Dominican History

The Order of Preachers, or the Dominicans, is an Order of great lineage. Throughout its 800 years, hundreds of thousands of men and women had lived this charism, and hundreds have been enrolled in the Canon of the Saints due to their heroic virtue. 
DOMINICAN SAINTS: Copyright: Dominican Province of St. Joseph
The Order founded by St. Dominic in the 13th Century possesses a perennially relevant charism; one which has particular application to our own age. To see how this is so, it is helpful to look at the times in which St. Dominic lived.

St Dominic by Fra Angelico
The beginning of the thirteenth century was a time of renewed vigour for Europe: commerce revived; towns grew up; cities like Paris, London and Bologna grew in size, power and influence. Democratic government was emerging. There was a new interest in learning, with the ideas of the pagan philosopher Aristotle and his Arab commentators beginning to fascinate the mind of the West.

But it was also a time of corruption in the Church and distortion of the faith, despite the efforts of great reforming Popes like Innocent III. The new cities, materialistic, more educated and increasingly sceptical of spiritual truths, were too often served by an inept episcopacy and a body of clergy which was largely untrained. Nor were the monasteries able to have much influence since they were mostly rural and, by definition, isolated from the currents of daily life. There was, in the words of the prophet Amos "a famine of the hearing of the word of God", and the vacuum was frequently filled by superstition, heresy and an inordinate love for this world.

Various attempts were made to respond to this dire situation. Canons, living in community around Cathedral churches, engaged in parochial and theological work. In a number of places, lay preachers attempted to return the Church to its early simplicity and pure gospel-fervour. But most such groups quickly fell into excesses and doctrinal error and had to be suppressed by the Church.

It was in such a world that Dominic de Guzman grew up; the son of a Spanish noble; the quiet, serious student of philosophy and theology who sold his precious books to buy food for the starving; the young priest who entered upon the sheltered and studious life of a canon at the Cathedral in Osma.

While still a young man, Dominic accompanied his bishop, Diego on a journey through southern France - a journey that changed their lives. The Church there was devastated. A heretical movement whose members were variously known as Manichees, Cathari or Albigensians, had successfully propagated a dualist doctrine that included hatred of all material things - even of the sacraments, - which were seen as the products of an evil god. In contrast to worldly Catholic clergy, the leaders of the Cathari were rigid ascetics who held their followers in thrall by their preaching and practice of extreme forms of penance.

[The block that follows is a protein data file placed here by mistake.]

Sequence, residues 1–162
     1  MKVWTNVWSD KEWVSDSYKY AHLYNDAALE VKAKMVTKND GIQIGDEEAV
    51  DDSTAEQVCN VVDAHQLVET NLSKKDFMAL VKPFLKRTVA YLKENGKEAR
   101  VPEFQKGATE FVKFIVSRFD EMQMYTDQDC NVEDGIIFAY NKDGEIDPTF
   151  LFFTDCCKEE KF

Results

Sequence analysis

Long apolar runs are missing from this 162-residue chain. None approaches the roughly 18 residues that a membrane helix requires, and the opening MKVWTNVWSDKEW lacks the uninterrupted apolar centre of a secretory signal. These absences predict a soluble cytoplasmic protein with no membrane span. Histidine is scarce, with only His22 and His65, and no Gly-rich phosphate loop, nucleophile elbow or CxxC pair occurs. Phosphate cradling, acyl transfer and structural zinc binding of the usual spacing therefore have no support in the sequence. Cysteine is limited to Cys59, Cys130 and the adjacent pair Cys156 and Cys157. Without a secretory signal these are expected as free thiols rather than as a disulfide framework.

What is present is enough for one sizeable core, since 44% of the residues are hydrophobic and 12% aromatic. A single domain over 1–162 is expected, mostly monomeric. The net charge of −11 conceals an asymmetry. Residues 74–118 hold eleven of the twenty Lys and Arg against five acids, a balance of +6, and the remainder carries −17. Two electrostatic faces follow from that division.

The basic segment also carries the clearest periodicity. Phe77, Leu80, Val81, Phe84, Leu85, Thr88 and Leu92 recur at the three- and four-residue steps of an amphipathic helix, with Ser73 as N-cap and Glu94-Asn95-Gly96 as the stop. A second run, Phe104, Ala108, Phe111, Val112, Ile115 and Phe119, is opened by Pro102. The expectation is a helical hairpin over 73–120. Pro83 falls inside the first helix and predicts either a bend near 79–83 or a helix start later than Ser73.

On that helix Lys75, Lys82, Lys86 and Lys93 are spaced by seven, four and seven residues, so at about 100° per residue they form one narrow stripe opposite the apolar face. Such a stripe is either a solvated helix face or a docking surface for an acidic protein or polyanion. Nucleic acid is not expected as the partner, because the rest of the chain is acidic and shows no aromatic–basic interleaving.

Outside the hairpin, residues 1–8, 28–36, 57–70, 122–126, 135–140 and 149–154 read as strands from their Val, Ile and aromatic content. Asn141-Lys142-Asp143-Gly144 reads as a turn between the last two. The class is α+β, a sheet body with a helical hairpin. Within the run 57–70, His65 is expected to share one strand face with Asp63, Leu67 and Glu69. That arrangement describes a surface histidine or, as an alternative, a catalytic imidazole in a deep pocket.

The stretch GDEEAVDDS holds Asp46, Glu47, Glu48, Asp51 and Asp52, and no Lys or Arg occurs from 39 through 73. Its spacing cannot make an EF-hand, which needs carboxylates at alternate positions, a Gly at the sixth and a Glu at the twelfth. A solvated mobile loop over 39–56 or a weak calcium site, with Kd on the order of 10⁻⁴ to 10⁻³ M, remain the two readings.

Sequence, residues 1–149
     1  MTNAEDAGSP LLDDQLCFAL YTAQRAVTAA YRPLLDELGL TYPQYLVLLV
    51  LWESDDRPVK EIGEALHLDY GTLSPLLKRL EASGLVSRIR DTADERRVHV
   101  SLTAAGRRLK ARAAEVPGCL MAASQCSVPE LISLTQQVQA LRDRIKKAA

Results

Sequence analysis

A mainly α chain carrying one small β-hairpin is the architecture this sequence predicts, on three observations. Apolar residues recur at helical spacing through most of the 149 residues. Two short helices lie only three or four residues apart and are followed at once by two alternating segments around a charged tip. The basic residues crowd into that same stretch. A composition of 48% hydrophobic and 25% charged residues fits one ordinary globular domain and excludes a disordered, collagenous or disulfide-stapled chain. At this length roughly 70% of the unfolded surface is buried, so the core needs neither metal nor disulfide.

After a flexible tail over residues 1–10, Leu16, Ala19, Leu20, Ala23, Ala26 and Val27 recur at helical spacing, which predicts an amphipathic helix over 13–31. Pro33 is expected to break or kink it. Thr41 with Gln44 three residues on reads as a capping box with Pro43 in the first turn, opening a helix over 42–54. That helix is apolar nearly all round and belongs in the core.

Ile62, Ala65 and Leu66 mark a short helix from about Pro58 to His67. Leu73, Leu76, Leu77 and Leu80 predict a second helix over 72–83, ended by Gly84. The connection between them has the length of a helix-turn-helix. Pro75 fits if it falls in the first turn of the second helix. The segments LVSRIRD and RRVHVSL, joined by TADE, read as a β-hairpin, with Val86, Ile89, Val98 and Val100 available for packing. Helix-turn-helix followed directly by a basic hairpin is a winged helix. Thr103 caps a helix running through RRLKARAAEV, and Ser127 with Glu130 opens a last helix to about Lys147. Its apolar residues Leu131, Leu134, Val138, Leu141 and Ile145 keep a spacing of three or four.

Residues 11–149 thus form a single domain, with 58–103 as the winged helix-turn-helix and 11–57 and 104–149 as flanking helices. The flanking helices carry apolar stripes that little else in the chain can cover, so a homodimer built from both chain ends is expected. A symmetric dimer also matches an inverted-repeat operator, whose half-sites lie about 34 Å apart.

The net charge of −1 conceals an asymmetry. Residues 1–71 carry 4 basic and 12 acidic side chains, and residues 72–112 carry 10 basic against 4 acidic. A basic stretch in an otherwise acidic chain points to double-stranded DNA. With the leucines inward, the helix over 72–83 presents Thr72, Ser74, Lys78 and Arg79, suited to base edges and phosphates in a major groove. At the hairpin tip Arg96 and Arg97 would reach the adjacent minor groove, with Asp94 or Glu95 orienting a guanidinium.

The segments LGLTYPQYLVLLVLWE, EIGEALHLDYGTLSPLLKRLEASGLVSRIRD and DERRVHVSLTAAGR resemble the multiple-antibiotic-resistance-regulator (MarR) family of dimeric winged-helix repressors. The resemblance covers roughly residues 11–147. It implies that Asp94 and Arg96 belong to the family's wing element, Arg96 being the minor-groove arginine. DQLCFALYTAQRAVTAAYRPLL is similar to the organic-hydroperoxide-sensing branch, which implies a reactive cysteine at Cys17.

Dominic and Diego were moved to pity for the state of the Church here, and struck by the dismal failure of past attempts to bring back the multitude of the lapsed, a failure which had much to do with the inauthenticity of a clergy weighed down by wealth and pomp. Their response was to meet asceticism with asceticism.

After toiling on for years, almost alone in the Albigensian stronghold, Dominic saw the need for a band of preachers who would be learned, disciplined and poor. With the approval of the Bishop of Toulouse, Foulques, Dominic began to gather a group of men willing to take up mendicancy and the dangers of preaching in hostile territory. They would be engaged in a full liturgical life and prayer, like the monks. They would be given over to active ministry in community, like the canons. But unlike monks or canons, who were bound to the one place, they would move about according to the needs of the Church, and they would preach, something hitherto largely reserved to the Bishops.

Even before his band of friars preachers gathered about him, Dominic had also established a convent of nuns (mostly converts from heresy), whose example and prayer would lend support to the campaign of his preachers.

                                                                              THE SEED SOWN:

The plan of life of the preachers gained universal approbation in December, 1216. The Friars, up to that time a promising experiment in southern France, were now given wider scope, directly under the protection of the Holy See. And in 1217 Dominic took decisive action to ensure that the work of the Order would range as widely as the need for preachers did. After long prayer, he called his mere sixteen followers together and dispersed them, despite their objections that they were too few, too inexperienced, too poor and without enough leaders and friends. Dominic's reply: "Seed that is hoarded rots. You shall no longer live together in this house." He sent them off, - four to Spain, seven to Paris, two to Prouille and two were to stay on in Toulouse. He and one last brother went off to Rome. 

The seed was being scattered for harvest. By 1221, the year of Dominic's death, some 500 friars had spread as far as Hungary, Denmark, and England. By 1222 they had reached the mission fields of Poland, Germany and Hungary. Soon after, they were preaching the Word in Greece and Palestine. 

The story of the Preachers had really begun.